The Legend of Wendy Davis: Separating Fact from Fiction

"Print the legend!" This is how Jeff Davis, ex-husband to Texas Democratic gubernatorial candidate and rising star in Democratic circles, responded ("with palpable weariness") to a New York Times reporter who was trying to get to the bottom of what's really the truth about Wendy Davis's biography.

And why is the Times, following up on a story in the Dallas Morning-News questioning the details of Davis's bio (on which more in a moment), also trying to sort out the details: because Davis is largely running on her bio. The campaign bio, the picture of Wendy Davis that the political handlers have packaged for you, is this:

"When I was a single mom living in a small trailer home, I had to make some tough choices to give my daughter a better life. I worked hard to put myself through Tarrant [County] College and later Harvard Law School because my daughters were counting on me."

Here's the thing: this isn't quite true. What actually happened is this: a young Wendy Davis (then Underwood) -- who didn't live in a trailer as long as she has stated -- met a wealthy lawyer (Jeff Davis), who was 14 years older than her, who paid for her to go to TCU (undergrad) and Harvard Law School. And, for the vast majority of her three years of law school, her daughters lived in Texas and Davis sporadically visited them (all have differing accounts of exactly how often she came back). Shortly after she moved back to Texas, Harvard law degree in hand, she divorced Jeff Davis (they rarely speak anymore). Davis is now dating ex-Austin mayor Will Wynn.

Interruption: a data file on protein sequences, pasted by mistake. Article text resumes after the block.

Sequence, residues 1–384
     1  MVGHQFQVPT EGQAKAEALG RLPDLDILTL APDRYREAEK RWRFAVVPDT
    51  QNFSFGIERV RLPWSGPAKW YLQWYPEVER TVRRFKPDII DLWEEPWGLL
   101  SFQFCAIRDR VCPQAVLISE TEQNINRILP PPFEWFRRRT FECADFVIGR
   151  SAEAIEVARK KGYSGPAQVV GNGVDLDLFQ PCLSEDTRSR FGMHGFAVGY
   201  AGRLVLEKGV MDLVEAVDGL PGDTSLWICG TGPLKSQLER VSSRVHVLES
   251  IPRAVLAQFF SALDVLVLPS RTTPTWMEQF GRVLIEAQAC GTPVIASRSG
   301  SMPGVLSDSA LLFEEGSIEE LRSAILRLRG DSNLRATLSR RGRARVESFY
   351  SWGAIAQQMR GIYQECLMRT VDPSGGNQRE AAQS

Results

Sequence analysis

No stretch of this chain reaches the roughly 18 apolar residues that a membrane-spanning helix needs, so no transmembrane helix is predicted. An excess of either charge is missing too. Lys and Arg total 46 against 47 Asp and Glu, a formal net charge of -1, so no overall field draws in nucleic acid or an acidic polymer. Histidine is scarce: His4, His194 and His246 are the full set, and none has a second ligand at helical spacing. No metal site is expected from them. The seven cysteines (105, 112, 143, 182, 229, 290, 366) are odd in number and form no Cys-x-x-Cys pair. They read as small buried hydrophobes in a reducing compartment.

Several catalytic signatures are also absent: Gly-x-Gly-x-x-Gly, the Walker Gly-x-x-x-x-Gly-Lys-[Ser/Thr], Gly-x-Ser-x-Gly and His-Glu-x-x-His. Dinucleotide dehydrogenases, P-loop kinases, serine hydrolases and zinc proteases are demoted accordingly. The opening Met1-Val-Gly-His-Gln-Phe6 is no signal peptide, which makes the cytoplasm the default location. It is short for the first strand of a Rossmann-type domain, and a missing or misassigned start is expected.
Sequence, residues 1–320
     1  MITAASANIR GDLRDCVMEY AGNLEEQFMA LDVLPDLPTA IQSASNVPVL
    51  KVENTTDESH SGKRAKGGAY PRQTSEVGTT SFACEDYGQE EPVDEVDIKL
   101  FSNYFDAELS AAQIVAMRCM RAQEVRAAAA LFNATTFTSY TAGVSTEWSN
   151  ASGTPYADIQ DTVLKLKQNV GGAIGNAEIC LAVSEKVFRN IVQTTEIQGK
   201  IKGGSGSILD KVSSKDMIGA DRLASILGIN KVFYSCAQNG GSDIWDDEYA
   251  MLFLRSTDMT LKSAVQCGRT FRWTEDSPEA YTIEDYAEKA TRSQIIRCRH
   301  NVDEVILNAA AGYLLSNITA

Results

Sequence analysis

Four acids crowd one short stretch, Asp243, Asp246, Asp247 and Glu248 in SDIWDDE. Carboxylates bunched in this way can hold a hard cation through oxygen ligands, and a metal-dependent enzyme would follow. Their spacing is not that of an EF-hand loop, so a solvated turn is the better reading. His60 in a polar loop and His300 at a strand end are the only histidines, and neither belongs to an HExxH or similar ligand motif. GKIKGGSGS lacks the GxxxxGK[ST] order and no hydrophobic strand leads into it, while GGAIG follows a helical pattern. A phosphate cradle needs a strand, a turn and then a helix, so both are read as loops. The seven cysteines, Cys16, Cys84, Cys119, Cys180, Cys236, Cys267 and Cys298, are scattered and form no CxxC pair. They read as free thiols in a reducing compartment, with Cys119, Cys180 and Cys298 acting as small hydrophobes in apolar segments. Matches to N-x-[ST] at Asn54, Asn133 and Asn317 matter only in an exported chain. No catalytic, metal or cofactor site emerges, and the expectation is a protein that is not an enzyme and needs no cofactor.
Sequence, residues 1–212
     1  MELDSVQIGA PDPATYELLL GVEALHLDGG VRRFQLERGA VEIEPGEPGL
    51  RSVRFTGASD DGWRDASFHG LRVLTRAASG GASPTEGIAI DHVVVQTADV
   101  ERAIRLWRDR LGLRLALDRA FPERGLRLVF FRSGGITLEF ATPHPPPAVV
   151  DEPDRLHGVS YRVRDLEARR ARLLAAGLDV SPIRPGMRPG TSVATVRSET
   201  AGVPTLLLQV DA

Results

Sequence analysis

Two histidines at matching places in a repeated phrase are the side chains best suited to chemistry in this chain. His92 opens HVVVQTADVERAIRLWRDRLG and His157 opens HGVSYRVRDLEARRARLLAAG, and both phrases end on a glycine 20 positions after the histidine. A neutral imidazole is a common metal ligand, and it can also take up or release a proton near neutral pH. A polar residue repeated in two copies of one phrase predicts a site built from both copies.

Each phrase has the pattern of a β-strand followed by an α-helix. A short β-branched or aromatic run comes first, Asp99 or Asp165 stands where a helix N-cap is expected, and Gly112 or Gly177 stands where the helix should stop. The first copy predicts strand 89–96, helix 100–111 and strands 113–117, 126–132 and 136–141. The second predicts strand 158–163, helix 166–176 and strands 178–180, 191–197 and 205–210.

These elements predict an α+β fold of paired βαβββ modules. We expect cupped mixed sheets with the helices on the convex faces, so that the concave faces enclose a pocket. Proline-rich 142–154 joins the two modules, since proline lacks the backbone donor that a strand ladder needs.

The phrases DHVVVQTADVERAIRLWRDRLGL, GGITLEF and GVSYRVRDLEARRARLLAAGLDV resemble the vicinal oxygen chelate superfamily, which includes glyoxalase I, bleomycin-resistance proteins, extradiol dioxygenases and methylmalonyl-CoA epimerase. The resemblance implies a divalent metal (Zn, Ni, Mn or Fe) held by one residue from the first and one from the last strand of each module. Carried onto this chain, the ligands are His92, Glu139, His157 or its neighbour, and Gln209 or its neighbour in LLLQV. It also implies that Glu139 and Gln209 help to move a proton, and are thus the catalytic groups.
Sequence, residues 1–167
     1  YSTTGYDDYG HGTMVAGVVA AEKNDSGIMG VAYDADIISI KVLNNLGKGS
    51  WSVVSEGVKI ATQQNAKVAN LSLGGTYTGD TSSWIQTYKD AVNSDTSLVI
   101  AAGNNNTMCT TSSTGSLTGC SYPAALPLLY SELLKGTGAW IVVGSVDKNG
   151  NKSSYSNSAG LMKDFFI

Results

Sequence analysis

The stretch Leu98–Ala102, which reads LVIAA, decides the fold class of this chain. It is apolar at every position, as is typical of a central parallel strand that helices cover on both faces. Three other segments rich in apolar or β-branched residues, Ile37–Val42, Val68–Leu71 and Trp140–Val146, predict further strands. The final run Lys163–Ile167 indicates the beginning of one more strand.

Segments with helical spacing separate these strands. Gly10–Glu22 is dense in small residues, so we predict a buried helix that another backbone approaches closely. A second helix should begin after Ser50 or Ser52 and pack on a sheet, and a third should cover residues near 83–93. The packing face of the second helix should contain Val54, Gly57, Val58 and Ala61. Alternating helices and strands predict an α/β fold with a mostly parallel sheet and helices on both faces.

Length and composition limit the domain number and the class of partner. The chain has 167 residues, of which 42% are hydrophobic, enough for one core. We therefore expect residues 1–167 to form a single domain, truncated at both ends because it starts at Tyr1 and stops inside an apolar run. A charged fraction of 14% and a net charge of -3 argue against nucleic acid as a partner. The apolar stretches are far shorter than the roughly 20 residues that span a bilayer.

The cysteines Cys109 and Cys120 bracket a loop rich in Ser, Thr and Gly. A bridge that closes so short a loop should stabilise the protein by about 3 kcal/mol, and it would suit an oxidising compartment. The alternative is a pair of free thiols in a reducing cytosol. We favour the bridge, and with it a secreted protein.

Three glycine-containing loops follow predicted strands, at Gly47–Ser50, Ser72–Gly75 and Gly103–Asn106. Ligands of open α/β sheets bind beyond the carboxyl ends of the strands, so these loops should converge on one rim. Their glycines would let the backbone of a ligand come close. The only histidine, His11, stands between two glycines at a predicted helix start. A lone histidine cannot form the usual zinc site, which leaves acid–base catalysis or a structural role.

In other words, Davis's bio doesn't stand up to scrutiny any more than Marco Rubio's tales of his family escaping Castro's communism. And if you're giving her a pass, the only reason why you're doing so is because she's a Democrat and so are you. If she was a conservative candidate, you'd be attacking her for her campaign spin. What is more, Davis has come out in support of "open-carry" laws, and has recently stated that she supports a 20-week abortion ban -- the one she famously filibustered against -- but couldn't support that ban's incarnation because of the restrictions it placed on clinics and providers. If these are the stances you need to take to be palatable Democratic candidate in Texas, well, you can see how far it is from turning blue.

But what perhaps is most pernicious about Davis's rags-to-riches, pulled myself up by my bootstraps political bio fiction is this: it perpetuates the myth of the American dream, that all it takes is a little elbow grease and some pluck and you can make it. But this just isn't true: economic mobility in the United States hasn't changed in 50-plus years and our income inequality is closer to that of Jamaica and Argentina than it is other Western nations.

So Davis didn't make it because she just wanted it more or was willing to make those sacrifices. She had a wealthy benefactor who made her path much easier. Davis's cognitive dissonance probably prevents her from admitting this, but that's her real bio. All this does is make her not that much different from any other narcissistic politician, Democrat or Republican.

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